“Test-based Validation of Network Programming Tasks,” Project, E. Meißner (Supervisor), F. Kargl (Examiner), Inst. of Distr. Sys., Ulm Univ., 2021 – Completed.
We have a collection of Java programming tasks as part of our introduction to computer networks course. In these programming tasks students are instructed to implement network applications matching a strict set of rules. The goal of this project is to implement a rule-based testing framework to aid the grading of such programming tasks and providing immediate feedback to students whether their implementation is correct or not.
M. Glumann, “Modern Deployment Approaches for Web Applications,” Project, E. Meißner (Supervisor), F. Kargl (Examiner), Inst. of Distr. Sys., Ulm Univ., 2021 – Completed.
The deployment process of web applications has changed a lot over the recent years. Manual administration of infrastructure has been streamlined by provisioning tools, such as Ansible, and application deployment has been revolutionized by DevOps practices and orchestration systems, such as Kubernetes. However, these advances often hide a lot of complexity and require a lot of expertise to apply correctly. As part of this work, you should research and compare different approaches to deploy a typical modern three-tier web application (e.g., Vue, Node.js, PostgreSQL). Furthermore, a demo application should be deployed using the researched continuous integration and continuous delivery methods, with special consideration of monitoring, backups, and application upgrades.
“Impact of HTTP/3 on Microservice Architectures,” Master's thesis VS-2021-16M, B. Erb and E. Meißner (Supervisor), F. Kargl (Examiner), Inst. of Distr. Sys., Ulm Univ., 2021 – Completed.
S. Merkel, “Web Content Integrity Protection,” Master's thesis VS-2020-13M, E. Meißner (Supervisor), F. Kargl and F. J. Hauck (Examiner), Inst. of Distr. Sys., Ulm Univ., 2020 – Completed.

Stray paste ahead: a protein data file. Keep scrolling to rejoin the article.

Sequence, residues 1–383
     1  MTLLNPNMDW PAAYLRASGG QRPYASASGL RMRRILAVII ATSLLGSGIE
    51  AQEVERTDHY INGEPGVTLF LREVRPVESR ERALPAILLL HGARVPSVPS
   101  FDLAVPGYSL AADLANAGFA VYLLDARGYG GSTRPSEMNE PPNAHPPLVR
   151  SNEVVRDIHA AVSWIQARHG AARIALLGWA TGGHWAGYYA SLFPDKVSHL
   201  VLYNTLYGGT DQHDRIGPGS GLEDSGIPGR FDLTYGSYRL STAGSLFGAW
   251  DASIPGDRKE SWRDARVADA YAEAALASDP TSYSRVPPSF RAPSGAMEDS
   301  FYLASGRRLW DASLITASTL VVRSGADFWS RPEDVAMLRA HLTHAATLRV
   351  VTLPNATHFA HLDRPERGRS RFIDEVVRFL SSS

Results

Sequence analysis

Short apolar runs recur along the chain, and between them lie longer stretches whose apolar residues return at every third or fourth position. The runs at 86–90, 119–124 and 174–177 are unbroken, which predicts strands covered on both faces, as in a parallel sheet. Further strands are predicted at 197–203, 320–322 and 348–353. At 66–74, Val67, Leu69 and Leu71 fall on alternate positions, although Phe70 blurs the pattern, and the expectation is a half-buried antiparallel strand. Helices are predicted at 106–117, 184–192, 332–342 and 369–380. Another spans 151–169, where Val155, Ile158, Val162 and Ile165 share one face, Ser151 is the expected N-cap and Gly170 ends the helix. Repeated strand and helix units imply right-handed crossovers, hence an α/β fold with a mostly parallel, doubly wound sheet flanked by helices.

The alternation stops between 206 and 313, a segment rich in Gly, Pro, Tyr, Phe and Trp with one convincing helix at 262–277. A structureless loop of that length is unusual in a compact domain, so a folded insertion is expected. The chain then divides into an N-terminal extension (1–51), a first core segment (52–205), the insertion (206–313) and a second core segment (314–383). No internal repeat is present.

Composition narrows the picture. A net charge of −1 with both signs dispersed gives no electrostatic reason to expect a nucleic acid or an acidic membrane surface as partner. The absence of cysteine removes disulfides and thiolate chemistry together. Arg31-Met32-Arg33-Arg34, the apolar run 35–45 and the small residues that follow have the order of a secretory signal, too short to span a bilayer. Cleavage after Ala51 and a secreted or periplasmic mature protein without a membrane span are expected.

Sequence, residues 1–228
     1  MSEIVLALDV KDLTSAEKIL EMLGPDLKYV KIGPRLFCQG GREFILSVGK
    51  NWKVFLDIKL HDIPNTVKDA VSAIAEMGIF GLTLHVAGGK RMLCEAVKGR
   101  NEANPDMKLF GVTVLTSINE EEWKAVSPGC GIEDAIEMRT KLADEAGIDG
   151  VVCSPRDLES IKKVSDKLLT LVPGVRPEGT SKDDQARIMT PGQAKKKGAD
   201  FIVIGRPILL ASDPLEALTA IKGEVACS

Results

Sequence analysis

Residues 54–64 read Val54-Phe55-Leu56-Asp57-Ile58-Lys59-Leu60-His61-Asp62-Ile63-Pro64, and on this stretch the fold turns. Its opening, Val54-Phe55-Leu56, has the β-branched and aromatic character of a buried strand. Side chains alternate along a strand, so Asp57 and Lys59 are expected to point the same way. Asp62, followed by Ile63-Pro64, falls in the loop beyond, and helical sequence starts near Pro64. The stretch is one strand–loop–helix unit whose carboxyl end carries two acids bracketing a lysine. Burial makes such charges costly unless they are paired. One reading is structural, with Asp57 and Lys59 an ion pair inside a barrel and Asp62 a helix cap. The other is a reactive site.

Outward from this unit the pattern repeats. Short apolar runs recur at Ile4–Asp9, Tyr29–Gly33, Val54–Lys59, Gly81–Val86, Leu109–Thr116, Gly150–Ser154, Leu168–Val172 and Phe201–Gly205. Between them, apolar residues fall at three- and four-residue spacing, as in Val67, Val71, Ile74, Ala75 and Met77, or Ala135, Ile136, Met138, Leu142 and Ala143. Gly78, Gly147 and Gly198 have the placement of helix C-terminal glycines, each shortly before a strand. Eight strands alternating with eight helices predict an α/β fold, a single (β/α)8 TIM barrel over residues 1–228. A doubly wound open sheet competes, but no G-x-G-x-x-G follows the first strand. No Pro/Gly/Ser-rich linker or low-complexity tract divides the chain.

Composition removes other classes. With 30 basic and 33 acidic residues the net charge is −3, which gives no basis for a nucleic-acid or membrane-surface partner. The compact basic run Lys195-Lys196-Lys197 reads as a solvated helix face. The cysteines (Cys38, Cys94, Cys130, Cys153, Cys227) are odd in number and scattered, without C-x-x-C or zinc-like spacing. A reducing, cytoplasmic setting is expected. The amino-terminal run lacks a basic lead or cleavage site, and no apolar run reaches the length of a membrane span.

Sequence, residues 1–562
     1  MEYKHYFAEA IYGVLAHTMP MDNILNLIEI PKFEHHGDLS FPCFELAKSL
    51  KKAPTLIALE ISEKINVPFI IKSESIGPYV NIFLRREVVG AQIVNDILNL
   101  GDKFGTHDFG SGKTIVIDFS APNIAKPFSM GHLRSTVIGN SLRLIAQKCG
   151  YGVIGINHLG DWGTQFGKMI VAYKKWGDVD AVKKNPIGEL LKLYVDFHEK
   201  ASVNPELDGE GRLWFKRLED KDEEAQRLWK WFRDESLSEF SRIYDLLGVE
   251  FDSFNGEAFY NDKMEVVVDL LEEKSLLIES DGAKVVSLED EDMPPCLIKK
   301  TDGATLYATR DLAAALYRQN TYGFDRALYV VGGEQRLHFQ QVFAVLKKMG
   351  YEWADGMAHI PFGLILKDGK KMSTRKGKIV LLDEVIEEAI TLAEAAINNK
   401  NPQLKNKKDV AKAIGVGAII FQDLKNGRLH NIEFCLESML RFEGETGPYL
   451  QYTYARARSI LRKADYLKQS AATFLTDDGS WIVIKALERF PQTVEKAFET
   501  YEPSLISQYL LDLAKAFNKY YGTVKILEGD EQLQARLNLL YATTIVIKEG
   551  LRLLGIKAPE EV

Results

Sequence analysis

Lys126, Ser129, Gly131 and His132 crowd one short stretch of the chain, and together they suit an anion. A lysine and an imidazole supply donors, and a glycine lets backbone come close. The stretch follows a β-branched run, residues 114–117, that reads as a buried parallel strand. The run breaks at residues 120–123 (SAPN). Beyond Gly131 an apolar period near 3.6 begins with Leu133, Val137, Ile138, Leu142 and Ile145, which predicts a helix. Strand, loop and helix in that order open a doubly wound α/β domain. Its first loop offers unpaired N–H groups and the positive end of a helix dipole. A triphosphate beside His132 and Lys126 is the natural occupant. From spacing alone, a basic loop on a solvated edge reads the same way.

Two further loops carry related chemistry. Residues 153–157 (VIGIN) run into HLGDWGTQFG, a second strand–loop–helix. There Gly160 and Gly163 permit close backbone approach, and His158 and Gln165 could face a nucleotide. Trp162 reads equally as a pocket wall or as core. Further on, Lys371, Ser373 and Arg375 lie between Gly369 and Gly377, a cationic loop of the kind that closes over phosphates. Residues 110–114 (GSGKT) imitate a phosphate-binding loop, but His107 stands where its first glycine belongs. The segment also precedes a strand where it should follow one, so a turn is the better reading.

Web clients can not determine whether they have been delivered the same version of a web application as the rest of the world, which allows a web server to deliver manipulated content to specific users, allowing them to bypass implemented functionality or inject other malicious behavior. For example, a malicious web application provider who offers a web application with end-to-end encryption functionality can deliver a manipulated implementation of the encryption mechanism to targeted users and obtain access to otherwise unreadable messages or secret keys. The thesis introduces a concept to authenticate web applications and thus prevent covert attacks by web application providers through different resource versions on individual users. Previous work has created more transparency in resource management, but still allows the use of different resource versions, violates privacy, or is based on a trust model without verification possibilities. The developed concept is based on a verifiable trust model, where all users accept only the same resource version, forcing web application providers to offer the correct web application or increasing the risk for malicious web operators of detecting their manipulated resources. Two different approaches for the verifiable trust model were designed based on available mechanisms and implemented and evaluated in proof-of-concept prototypes. By using the developed concept, web application providers are able to deliver an authenticated web application and thus provide functionality to all users in a trustworthy manner, while at the same time increasing the probability to catch malicious web application providers.